Within several top management, leadership and productivity related books a few common patterns emerge. One of the most important ones is to write down your goals. It appears that having your desires in mind makes them more a dream than real targets. It applies both to your professional and private life. As you can imagine, each author has a slightly different approach to noting your goals and embedding them into the system that will help you in achieving them. Lets take a quick look at the most interesting ones.
Getting things done (GTD) by David Allen (BTW, I highly encourage you to read this book if you are facing problems with tracking all the stuff coming to you everyday) defines personal and professional work by horizons of focus:
- runaway – current actions to be taken,
- 10000 level – your list of current projects,
- 20000 level – areas of responsibility,
- 30000 level – 1 to 2 year goals, where you would like to be in that time,
- 40000 level – 3 to 5 year goals,
- 50000 level – your life and place on the planet.
If you would like to read more about the levels, check out this article. Embedding the system forces you to clearly define not only your current actions and projects, but also your long-term goals. This encourages you to frequently review your long perspective targets and verify if your lower level items reflects them. If not, it is a clear indicator that you are not following your major goals and might have serious problems achieving them. There is quite a complicated system behind runaway and 10k level. However, it is possible to sit down for a moment and consider all the above levels: 20k, 30k, 40k and 50k. Then write down thoughts and verify them from time to time. GTD creates a compass that you can follow every day.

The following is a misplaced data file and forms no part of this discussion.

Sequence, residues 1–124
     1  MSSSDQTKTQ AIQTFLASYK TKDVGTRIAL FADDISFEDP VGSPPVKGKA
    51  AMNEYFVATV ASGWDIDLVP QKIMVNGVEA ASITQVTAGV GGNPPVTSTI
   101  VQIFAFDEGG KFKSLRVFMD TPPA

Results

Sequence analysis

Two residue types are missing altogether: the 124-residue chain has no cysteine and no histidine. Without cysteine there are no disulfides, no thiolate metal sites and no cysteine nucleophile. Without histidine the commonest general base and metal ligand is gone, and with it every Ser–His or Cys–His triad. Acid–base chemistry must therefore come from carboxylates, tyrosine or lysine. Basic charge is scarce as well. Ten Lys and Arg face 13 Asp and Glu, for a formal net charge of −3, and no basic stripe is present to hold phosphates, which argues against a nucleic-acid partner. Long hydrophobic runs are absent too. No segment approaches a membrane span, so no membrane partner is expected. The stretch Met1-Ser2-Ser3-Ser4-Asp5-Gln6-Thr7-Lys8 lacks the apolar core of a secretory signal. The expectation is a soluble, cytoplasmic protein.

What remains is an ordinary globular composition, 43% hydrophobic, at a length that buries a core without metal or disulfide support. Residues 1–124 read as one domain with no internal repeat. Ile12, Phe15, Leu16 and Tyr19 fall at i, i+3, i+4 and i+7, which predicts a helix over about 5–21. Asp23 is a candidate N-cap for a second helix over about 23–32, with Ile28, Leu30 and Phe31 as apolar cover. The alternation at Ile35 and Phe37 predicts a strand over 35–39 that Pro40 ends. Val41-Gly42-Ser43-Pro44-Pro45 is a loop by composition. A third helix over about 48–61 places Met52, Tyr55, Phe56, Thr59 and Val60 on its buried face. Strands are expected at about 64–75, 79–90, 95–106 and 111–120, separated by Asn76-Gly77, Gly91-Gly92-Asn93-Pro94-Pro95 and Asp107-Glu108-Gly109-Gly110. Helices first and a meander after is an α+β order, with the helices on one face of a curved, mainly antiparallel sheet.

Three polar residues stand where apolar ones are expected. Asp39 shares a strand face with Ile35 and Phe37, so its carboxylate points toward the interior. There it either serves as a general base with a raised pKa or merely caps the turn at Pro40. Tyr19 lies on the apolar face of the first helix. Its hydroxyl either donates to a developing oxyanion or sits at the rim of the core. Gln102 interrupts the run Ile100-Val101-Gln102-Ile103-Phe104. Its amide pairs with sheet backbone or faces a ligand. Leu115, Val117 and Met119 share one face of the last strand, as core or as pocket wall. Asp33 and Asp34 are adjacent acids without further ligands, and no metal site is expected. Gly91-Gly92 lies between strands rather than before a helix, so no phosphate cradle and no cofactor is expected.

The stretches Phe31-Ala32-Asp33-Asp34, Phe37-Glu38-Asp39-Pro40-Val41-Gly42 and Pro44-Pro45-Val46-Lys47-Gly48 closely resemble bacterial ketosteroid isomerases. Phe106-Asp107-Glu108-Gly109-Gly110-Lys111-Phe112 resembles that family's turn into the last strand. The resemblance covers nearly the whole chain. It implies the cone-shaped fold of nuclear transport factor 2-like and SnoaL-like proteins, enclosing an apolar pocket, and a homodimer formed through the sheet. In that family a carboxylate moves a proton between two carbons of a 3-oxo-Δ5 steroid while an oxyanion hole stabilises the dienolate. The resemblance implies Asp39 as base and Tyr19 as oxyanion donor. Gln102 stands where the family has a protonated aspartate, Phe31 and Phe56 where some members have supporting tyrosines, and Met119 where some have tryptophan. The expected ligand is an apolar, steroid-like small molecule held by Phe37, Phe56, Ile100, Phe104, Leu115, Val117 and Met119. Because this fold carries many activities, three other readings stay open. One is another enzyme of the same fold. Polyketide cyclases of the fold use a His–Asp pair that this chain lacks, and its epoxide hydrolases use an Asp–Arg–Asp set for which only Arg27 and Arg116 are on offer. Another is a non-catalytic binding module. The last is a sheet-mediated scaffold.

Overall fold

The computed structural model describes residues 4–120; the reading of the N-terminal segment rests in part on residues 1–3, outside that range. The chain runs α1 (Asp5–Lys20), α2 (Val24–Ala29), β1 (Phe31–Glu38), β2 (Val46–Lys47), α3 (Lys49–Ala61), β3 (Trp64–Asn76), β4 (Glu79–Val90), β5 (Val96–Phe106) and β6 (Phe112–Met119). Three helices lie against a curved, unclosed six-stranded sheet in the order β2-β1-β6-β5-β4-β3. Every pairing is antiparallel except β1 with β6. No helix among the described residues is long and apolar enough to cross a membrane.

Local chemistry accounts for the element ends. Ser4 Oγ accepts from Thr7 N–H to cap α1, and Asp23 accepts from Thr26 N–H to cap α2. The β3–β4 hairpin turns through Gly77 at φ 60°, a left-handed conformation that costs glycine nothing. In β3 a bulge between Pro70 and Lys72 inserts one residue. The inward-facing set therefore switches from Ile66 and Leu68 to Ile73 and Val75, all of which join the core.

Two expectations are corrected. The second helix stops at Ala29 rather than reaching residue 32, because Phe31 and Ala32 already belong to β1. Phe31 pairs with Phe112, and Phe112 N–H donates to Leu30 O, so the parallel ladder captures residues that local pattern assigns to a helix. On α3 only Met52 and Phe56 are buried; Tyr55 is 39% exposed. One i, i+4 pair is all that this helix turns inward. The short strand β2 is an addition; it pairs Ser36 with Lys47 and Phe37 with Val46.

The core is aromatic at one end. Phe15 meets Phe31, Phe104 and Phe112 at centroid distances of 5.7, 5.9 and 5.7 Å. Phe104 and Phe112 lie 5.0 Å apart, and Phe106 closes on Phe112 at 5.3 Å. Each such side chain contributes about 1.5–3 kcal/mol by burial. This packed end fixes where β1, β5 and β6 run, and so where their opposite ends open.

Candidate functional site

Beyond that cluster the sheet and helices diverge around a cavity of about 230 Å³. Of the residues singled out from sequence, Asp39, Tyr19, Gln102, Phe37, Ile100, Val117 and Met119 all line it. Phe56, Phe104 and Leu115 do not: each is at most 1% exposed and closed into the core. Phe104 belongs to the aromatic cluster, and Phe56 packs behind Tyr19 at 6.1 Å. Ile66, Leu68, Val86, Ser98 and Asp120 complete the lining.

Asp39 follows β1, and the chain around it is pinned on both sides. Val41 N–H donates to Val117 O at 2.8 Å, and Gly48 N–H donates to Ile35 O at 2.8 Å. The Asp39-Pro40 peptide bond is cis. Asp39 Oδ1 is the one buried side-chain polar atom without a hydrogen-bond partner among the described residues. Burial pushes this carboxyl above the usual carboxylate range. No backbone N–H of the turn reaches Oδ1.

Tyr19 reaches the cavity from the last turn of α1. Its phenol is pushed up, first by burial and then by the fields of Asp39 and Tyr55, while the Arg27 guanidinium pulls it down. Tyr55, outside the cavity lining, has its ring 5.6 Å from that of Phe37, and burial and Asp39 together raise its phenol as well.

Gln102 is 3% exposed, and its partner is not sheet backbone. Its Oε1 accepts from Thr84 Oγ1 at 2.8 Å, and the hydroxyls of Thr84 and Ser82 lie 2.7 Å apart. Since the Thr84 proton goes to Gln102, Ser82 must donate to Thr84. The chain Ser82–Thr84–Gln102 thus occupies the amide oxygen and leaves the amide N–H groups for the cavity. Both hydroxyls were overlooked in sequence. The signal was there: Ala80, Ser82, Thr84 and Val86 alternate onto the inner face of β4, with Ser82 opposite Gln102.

The Seven Habits of Highly Effective People by Stephen Covey presents quite a similar approach. It is hidden behind two habits:
- Begin with the End in mind,
- Put first things first.
The first one is about envisioning your future – who you want to be, where and what you want to be doing. Inner honesty is emphasized here to avoid following false dreams. The author created a Personal Mission Statement term. It is a written credo about what you want to be (character) and what you want to do (contributions and achievements) and on the values and principles upon which being and doing are based. Your life guideline is also referred to as mental creation. The second habit is about execution. In general, it states that thanks to applying the habit of Begin with the End in mind a person is able to clearly distinguish between important and unimportant issues and focus on things that matter most. It is also referred to as physical creation. As the author states:
If you put first things first, you are organizing and managing time and events according to the personal priorities you established in previous habit.
Eat That Frog!: 21 Great Ways to Stop Procrastinating and Get More Done in Less Time by Brian Tracy offers idea that are simpler and closer to the readers approach. He defines 7 steps to make and commit to goals: